For some time I have wanted to do a multi day running exPEDItion around Singapore.

Because it’s an island, and so safe, you can run do some great long runs looping around this city-state. And the roads and pavements are always in good shape, the parks are really great and there are plenty of food and drink options close at hand.

Next week suddenly loomed free, and I was getting grumpy, just waiting for our annual holiday to begin, so I thought, let’s do this!

So the plan is to run anti-clockwise around Singapore sticking as close to the coast as feasibly possible. This comes to about 170km assuming everything goes according to plan, and I have given myself 5 days to do it.


Ideally I would like to do in 4 days with the first 3 days of 50k and last day of 20k but not even totally sure if I will be able to do this. Its pretty far outside my comfort zone as its solo, unsupported and barefoot. And I have run less than 50% of the route before, mainly because those areas suck for running (highways, industrial, traffic etc).

As far as I know, no-one has done this running but luckily I could use cycling Heat Maps and a pro cyclist friend to help fill in the gaps.

Day 1- 01 August 2017

I was pretty excited when I got up. Today was going to be the most fun day with lots of support along the way, going through lots of parks and I knew most of the route. A perfect way to start!

I met up with Mark at 05:10 at Labrador Park MRT, and got going. We had to keep time as he had 06:15 rendezvous with his outrigger canoe club along the way.

Dropped him off at the 10k mark and then eased up a bit as my next meeting point was 10k and 1H15 away. Got to Marina Boulevard after some highway running and the sun was just starting to break through the morning clouds. After a short break, Rachel and the Worster family came along with some ice cold water and lots of encouragement.
Then Rachel and I set off for the 3rd 10k. We had a great fortune to see 2 otter families in 15 minutes (these Marina Bay otters are probably the world’s most famous otters, and totally chill with their fame!)
The next section was all in the East Coast Park, about 22km long, with plenty public toilets and cold drink vending machines. Jeri, the brand ambassador for Hoka One One, met me along the way for some km’s. She is busy training for a 420km single stage run across Malaysia! Seriously impressive!

At the last toilet, I drank till my stomach ached, filled my water bottles and bladder, and got my head right for the next 16km. I had been warned about this section, Tanah Merah Coastal Road, a new road with a 10k dead straight section, no shade, no water, no buildings, no nothing. And I was starting it at 11:00 under a full tropical sun with air temperature of 35C!

I have no idea of what the ground temperature was, but the asphalt was brand new, pitch black and with zero wind, for the first time running barefoot, I felt sorry for my soles. My speed dropped and every km took an eternity. I was going through water so fast. And I could not stop at all. Just keep going. This turned out to be the most difficult section of my whole run.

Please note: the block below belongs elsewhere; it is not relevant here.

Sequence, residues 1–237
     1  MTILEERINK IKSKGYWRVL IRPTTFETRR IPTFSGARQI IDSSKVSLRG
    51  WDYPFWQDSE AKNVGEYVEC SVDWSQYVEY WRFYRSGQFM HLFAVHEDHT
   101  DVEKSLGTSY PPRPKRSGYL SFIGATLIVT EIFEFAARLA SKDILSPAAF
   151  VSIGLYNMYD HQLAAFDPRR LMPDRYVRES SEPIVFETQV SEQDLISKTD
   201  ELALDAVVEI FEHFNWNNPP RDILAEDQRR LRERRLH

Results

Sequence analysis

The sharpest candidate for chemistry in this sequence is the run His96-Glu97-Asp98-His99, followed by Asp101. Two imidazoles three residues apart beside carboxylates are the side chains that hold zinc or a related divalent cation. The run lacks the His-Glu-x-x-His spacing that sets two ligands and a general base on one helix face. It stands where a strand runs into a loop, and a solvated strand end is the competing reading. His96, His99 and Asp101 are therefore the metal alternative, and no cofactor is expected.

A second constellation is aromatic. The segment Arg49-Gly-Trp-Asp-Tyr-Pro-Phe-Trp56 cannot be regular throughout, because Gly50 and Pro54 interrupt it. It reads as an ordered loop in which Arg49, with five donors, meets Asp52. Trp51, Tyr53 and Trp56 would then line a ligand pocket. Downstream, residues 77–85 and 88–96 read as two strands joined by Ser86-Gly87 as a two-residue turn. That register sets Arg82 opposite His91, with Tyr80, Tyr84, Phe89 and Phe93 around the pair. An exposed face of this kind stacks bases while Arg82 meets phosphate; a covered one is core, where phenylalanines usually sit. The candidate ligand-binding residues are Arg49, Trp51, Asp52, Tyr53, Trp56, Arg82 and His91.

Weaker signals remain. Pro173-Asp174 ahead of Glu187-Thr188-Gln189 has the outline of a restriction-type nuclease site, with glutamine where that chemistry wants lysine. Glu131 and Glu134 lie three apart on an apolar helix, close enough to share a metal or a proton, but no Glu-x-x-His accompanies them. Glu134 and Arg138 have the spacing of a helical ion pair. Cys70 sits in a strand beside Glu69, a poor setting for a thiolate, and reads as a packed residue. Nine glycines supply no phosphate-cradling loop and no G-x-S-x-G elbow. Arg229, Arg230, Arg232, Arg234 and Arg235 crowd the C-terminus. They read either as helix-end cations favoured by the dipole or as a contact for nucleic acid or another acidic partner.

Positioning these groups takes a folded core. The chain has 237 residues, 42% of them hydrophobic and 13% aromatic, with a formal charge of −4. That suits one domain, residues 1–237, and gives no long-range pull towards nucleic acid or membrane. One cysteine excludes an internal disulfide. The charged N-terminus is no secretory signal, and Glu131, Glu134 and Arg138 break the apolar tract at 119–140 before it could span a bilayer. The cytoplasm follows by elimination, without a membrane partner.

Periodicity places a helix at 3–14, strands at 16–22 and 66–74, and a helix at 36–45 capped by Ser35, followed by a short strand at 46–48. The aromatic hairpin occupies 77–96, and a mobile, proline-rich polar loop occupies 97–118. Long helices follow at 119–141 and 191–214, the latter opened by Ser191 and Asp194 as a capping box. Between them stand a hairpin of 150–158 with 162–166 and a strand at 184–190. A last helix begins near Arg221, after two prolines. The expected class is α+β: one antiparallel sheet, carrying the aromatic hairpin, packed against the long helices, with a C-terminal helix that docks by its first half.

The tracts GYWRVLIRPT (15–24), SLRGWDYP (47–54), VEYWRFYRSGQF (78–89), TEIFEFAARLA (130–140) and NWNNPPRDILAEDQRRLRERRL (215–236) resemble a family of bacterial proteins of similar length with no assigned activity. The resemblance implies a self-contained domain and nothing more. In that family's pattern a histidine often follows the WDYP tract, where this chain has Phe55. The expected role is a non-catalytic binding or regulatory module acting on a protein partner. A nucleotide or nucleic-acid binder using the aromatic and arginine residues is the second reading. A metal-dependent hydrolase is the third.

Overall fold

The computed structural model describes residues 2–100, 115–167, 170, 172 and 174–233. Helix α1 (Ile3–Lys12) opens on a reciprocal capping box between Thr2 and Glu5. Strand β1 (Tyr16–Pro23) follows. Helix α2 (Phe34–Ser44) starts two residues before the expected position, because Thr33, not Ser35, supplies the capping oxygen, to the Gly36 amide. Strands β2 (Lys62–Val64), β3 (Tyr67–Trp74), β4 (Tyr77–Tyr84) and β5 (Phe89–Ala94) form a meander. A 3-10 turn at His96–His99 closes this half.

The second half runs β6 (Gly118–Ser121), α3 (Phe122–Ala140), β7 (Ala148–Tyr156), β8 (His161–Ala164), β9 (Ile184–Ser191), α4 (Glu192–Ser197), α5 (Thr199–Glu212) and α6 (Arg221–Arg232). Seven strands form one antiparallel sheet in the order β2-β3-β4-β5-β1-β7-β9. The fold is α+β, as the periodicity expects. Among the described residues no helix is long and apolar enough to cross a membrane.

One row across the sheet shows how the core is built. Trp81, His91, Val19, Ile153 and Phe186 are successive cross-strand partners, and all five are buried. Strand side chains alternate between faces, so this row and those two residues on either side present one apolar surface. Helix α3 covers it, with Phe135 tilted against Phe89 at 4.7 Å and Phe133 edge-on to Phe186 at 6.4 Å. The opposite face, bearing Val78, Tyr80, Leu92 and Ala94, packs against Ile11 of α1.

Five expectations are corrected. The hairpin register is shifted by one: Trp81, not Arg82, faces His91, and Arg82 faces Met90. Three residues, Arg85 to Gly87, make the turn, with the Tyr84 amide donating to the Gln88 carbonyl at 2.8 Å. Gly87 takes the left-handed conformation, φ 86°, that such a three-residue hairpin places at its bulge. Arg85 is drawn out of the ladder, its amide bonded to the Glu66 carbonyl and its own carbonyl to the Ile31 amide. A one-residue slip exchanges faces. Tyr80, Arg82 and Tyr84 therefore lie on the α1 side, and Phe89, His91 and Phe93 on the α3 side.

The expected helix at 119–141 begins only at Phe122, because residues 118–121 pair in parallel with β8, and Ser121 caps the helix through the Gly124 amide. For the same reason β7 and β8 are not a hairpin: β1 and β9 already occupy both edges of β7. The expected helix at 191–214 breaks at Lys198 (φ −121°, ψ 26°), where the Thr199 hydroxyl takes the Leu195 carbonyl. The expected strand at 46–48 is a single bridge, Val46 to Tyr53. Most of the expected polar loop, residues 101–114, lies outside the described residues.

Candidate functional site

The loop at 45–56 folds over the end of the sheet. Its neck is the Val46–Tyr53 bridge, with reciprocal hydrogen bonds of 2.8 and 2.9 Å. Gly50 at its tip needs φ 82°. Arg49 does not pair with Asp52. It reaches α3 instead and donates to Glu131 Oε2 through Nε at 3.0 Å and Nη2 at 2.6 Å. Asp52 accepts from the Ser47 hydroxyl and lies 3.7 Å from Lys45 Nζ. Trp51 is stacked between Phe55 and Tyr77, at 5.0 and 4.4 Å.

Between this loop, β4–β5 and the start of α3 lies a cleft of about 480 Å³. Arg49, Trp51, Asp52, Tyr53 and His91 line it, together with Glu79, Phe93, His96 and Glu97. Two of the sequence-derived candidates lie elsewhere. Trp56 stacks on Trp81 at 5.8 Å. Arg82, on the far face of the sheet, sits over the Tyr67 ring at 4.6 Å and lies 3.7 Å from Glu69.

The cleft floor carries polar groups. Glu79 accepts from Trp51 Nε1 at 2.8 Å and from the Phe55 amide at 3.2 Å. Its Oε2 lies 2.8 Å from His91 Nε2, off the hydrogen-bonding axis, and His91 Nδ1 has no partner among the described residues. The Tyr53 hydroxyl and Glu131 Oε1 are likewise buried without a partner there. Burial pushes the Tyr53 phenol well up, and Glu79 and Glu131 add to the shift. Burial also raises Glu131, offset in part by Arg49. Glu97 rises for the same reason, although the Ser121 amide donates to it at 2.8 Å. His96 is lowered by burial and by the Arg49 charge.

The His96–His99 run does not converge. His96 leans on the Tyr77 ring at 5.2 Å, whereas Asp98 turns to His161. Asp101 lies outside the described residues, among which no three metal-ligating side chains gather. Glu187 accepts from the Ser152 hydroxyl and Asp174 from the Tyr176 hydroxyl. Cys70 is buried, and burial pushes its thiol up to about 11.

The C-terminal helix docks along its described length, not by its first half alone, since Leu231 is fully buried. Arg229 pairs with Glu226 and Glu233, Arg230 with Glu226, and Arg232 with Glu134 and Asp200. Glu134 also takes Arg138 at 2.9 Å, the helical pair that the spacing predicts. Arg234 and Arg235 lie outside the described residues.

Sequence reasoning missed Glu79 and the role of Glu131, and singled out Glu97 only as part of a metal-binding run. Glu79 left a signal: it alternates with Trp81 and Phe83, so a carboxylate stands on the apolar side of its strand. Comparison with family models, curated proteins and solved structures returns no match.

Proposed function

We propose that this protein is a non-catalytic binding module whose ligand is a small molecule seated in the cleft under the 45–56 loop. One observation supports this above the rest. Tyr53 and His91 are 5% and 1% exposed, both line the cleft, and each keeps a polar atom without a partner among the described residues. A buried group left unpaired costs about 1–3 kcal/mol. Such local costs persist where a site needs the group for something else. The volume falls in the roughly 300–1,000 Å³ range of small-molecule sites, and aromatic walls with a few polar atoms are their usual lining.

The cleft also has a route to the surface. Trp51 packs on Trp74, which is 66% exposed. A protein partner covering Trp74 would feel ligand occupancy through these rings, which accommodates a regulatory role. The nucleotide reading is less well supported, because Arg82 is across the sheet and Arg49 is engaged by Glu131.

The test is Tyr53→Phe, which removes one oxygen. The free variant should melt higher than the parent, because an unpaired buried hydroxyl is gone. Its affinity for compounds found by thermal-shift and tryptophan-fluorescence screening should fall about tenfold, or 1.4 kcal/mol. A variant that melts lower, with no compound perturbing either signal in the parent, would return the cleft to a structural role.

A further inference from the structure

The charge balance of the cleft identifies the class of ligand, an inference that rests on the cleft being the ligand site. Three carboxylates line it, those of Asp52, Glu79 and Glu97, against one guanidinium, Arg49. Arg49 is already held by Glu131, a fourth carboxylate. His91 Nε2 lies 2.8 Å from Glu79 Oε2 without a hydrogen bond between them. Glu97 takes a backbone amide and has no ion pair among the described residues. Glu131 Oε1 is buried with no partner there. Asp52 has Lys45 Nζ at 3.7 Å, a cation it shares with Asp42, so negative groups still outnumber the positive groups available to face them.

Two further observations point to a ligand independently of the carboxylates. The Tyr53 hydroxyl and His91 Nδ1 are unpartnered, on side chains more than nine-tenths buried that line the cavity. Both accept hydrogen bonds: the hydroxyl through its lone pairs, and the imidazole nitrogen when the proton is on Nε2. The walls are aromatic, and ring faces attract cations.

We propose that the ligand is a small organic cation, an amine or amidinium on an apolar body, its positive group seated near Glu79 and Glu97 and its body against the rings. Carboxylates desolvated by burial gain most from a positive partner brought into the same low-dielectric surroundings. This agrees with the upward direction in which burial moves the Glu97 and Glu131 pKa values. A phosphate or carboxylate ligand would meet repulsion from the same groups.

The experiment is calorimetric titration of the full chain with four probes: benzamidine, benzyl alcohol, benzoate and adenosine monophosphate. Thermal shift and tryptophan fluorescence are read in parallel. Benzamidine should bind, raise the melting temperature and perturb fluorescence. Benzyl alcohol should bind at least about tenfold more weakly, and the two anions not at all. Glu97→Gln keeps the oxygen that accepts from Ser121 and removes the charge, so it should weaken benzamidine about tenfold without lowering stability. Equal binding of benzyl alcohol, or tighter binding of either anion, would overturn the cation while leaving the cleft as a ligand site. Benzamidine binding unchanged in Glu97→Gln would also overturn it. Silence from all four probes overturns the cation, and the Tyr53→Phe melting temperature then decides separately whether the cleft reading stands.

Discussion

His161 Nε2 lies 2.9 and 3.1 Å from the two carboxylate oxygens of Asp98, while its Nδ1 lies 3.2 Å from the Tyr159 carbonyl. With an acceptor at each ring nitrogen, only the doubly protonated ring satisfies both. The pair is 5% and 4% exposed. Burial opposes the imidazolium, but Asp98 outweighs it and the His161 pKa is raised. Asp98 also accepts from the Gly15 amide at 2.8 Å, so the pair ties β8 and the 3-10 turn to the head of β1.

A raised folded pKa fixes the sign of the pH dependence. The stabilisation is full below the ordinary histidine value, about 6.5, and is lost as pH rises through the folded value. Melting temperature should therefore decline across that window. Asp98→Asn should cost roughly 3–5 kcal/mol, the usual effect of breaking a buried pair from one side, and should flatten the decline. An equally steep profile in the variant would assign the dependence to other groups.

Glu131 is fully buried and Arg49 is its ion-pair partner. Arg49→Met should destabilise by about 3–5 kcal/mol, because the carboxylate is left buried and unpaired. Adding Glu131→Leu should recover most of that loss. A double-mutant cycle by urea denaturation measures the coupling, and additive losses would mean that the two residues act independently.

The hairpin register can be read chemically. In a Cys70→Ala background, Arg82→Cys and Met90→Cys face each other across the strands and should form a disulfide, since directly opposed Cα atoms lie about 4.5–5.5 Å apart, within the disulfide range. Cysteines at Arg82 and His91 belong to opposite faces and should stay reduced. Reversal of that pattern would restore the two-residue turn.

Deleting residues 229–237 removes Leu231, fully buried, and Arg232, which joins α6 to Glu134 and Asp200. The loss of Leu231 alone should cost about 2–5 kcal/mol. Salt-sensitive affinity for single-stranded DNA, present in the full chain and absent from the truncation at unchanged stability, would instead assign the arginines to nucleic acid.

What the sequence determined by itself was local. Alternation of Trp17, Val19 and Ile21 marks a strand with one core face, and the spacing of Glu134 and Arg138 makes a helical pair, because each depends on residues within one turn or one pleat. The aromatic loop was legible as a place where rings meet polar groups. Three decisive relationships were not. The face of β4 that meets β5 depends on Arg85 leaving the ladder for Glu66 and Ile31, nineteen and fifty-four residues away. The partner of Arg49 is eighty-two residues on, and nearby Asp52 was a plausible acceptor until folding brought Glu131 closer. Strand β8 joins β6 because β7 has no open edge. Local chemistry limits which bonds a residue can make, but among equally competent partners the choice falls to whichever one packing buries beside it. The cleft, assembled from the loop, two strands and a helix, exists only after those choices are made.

A slight bend in the road up ahead took 20 minutes to get to, and I was just dying. After nearly 2 hours, I got out and made to my last park. Downed 2 sports drinks from a vending machine, filled up on water and did the last few km’s to Changi Point. 55km done for the day!

I was feeling pretty beat up and my soles were tender. Doubts about tomorrow were creeping in.

Just have to add that my, very social, running club kept me entertained with lots of encouragement, jokes and banter. When you are getting stuff like this all day, it keeps the spirits up!

Day 2 – 02 August 2017

I woke up feeling much better than I went to sleep and super excited that Mark was going to join me again for the first bit. And I get a bonus lift in his car back to Changi Point! Once again hitting the deserted streets at 5AM, my legs felt good and I had to reign myself back because I was in uncharted territory, having never done a back to back on marathon plus distances. Actually I have never even done any proper back to back long runs!

Luckily we were soon onto the famous Singapore Park Connector Network (PCN). A 300km network of pedestrian paths connecting all the parks, often in beautiful surroundings. We stopped for a break at Pasir Ris Park at 6AM and then got to Coney/ Serangoon Island at sunrise. It was great to wade out into the sea. I really wanted to go swimming but was scared of salt water drying and causing later rashes.

We carried on, spotting another family of otters in the sea at Punggol Jetty.

Mark left me at 21k and I was on my way, back into highways and industrial areas.

The rest of the day was just keeping it easy and steady. It was quite pleasant as I got to visit 5 coastal parks, three of which I have never been to before. These parks are a blessing, often cooler than surrounding areas because of all the trees, pretty clean toilets, water coolers and vending machines. (Just using the parks, I only bought 1.5L of water in the 4 days!)

I ended the day on 53km at Sungei Buloh, my most favorite park in Singapore. The only place on the island where you have a great opportunity of seeing saltwater crocodiles in a very wild setting.

Interestingly, by keeping my speed down right from the start, my net pace was slightly faster than Day 1 and I ate and drank less. My Suunto generated recovery time was also half of the previous day.
Caught a taxi back home and was really pondering the next day, it was going to be a big one!

Day 3 – 03 August 2017

This was my dreaded day! I was originally going to start at at dawn to hit the first 16km of no-verge, truck-heavy road with daylight but woke up at 3AM knowing I was not going back to sleep. Caught a taxi back to Sungei Buloh, the taxi driver being fascinated about what I was up to.